No adults please, we’re proud Indians
(Published today in Business Standard)
Another day, another state. The Opposition alliance stands shell-shocked at the altar as Nitish Kumar runs in slo-mo through tulip fields, hair streaming prettily, into the arms of his old flame the BJP. Much has been forgiven and forgotten. As @atti_cus observed on Twitter, Nitish suddenly remembered that Lalu is corrupt, and suddenly forgot that Modi is communal. With Bihar in the bag, the Opposition alliance in shreds, and a friendly President at the head of the Republic, things are looking bright and shiny for the BJP and Sangh Parivar in their relentless quest to turn India into a PG-13 country with a mean streak.
Besides cynically using soldiers on the border, besides tacitly-approved lynching, besides failing to make any economic headway, besides creating communal tinderboxes, besides trying to get everyone to accept Hindi as the national language, the thing that most irritates Indians is the way in which we are being culturally infantilised and sanitised.
Fully grown Indians are being nannied by patriarchal relics like Pahlaj Nihalani at the Central Board of Film Certification, who upholds his loopy version of family values by, for example, saving ladies from themselves. The CBFC refused to certify Lipstick Under My Burqa on the following grounds: “The story is lady oriented, their fantasy about life. There are continuous sexual scenes, abusive words, audio pornography and a bit sensitive touch about one particular section of society, hence film refused [sic to all of that].” The Film Certification Appellate Tribunal overturned the decision, and the film is currently in theatres, but my god, should the arts be at the mercy of people like Nihalani?
We’re being supervised by people like Dinanath Batra, the Rashtriya Swayamsevak Sangh educator and educational activist who advocates post-truth textbooks that re-design history in alignment with the Sangh’s views. He’s willing to junk scholarship and academic integrity wholesale, in favour of propaganda. Kids really don’t need to know too much about Nehru or Tagore. Manmohan Singh’s public apology about the 1984 anti-Sikh riots in Delhi should be removed because it was only put there to make the Congress look good—plus, it automatically makes everyone’s eyeballs swivel to where Mr Modi stands, not being contrite about the 2002 Gujarat riots. Kids don’t need to know that Hindu society didn’t treat women well, or that Mughal rulers could be benevolent, or that the destruction of the Babri Masjid helped the BJP grow. And why not tell the kids that Maharana Pratap, not emperor Akbar, won the legendary battle of Haldighati? Truth is entirely expendable in the all-consuming quest to somehow, by whatever means possible, feel proud.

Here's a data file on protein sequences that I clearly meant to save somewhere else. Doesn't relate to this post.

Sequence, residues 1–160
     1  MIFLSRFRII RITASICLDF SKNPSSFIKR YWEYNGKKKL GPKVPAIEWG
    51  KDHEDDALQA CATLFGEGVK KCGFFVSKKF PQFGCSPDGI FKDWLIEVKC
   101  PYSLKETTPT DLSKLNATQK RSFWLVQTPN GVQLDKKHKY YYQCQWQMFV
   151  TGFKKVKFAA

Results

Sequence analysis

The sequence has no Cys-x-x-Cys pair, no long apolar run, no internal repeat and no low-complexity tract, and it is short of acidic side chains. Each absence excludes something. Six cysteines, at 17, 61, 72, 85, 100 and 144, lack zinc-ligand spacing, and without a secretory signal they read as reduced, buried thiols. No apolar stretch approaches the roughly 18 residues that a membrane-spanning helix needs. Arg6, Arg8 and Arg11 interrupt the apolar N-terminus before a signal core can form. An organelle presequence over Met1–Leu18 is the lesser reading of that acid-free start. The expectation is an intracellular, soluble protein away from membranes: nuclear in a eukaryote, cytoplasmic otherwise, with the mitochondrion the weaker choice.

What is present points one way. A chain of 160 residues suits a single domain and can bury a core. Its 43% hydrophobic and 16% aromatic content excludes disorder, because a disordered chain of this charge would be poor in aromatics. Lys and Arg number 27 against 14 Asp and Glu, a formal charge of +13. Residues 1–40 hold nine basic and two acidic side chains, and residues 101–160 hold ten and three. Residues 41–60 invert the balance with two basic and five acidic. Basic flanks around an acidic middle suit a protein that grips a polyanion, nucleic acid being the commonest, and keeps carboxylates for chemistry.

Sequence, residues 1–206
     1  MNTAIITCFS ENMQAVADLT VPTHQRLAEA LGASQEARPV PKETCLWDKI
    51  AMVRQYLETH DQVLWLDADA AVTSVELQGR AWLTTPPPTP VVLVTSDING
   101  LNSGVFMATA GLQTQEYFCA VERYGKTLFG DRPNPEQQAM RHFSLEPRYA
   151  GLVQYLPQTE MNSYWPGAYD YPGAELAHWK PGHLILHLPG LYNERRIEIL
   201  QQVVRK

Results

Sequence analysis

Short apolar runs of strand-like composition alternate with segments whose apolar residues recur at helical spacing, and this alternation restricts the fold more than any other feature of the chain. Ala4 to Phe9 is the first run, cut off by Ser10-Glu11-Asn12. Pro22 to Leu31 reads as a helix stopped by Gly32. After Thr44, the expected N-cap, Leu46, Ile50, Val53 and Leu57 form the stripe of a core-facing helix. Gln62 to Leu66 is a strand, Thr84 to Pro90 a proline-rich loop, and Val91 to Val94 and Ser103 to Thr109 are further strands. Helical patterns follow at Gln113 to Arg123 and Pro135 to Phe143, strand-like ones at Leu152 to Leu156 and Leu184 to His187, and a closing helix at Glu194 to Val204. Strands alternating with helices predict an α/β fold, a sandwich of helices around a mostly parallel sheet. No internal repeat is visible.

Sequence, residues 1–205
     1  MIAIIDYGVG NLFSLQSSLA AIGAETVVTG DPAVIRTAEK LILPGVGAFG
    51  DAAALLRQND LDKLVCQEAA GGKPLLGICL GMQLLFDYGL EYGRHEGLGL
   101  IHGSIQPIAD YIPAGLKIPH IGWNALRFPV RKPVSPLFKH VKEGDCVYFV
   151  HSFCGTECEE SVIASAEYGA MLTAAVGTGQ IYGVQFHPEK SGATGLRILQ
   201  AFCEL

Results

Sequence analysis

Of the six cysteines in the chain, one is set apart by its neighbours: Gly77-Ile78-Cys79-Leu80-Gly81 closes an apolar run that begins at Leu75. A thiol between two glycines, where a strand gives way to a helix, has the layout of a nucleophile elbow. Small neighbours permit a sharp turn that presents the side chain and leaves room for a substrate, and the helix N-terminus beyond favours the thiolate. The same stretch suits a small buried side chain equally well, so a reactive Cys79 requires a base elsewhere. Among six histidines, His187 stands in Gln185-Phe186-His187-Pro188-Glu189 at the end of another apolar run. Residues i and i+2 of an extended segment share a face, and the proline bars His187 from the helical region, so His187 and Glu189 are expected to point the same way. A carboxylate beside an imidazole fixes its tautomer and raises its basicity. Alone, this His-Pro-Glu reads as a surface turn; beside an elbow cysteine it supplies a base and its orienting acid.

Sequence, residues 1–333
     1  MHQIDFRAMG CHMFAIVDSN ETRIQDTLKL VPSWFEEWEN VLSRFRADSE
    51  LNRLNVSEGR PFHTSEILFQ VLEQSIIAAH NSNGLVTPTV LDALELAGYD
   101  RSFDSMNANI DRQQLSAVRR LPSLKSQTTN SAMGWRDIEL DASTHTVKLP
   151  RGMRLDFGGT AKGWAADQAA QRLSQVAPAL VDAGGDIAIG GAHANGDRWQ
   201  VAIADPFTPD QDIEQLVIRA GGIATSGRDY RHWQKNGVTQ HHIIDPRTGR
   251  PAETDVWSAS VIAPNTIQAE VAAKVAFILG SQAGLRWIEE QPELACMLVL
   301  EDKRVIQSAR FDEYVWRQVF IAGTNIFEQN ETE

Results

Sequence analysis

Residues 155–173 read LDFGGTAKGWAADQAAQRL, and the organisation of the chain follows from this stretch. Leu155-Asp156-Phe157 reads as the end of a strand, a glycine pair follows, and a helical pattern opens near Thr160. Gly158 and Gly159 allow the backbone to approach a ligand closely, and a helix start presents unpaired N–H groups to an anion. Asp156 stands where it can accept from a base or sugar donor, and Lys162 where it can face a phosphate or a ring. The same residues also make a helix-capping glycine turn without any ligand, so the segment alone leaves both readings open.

We’re being administered by a central government whose opinion of Indians is that we are too poor and socially backward to deserve a fundamental right to privacy, and should instead be proud and happy to let proud and happy businesses exploit our data. This is not only the very definition of paternalism, but also at sharp and confusing odds with the same government’s insistence on our mega-global-super-greatness.
We’re being ordered, by our courts, to love and respect India—or, since that’s not enforceable, being ordered to put on ritualistic displays of such love and respect by standing for the anthem and singing patriotic songs and installing flagpoles and bits of military hardware in universities.
Confident countries that believe in themselves don’t feel the need to regulate citizens in this pathological fashion. It is the ferment of plurality, dissent, individuality, and liberty that fosters creativity, innovation, betterment, and excellence. It’s the feeling of being free, and treated fairly, that makes people feel they have a stake in their country. That feeling, of having skin in the game, is the definition of patriotism, and it is earned, not legislated.
The Sangh seems tormented by self-esteem that is not just low, but infected and seeping. How terrible this unquenchable thirst for cultural validation, a thirst so great that you’d think that the Hindu right has been a tiny muzzled minority since Independence. They now have the political and possibly even the cultural majority. Why, then, are they still hankering to be included by the despised left-leaning media? Pride typically manifests in calmly and confidently going about normal life, so why are they spending their time insisting on red-eyed, frothy-mouthed assertions of pride? If their worldview is so self-evident, why are they having to force people into their way of life? Why so much bluster?
The Sangh stayed largely aloof from the freedom struggle. It may be that its own preferences are for structure and instruction over freedom. Its version of freedom may be the freedom to be culturally restrictive. But you can boss around fully grown adults for only so long before they turn around and start giving you lip.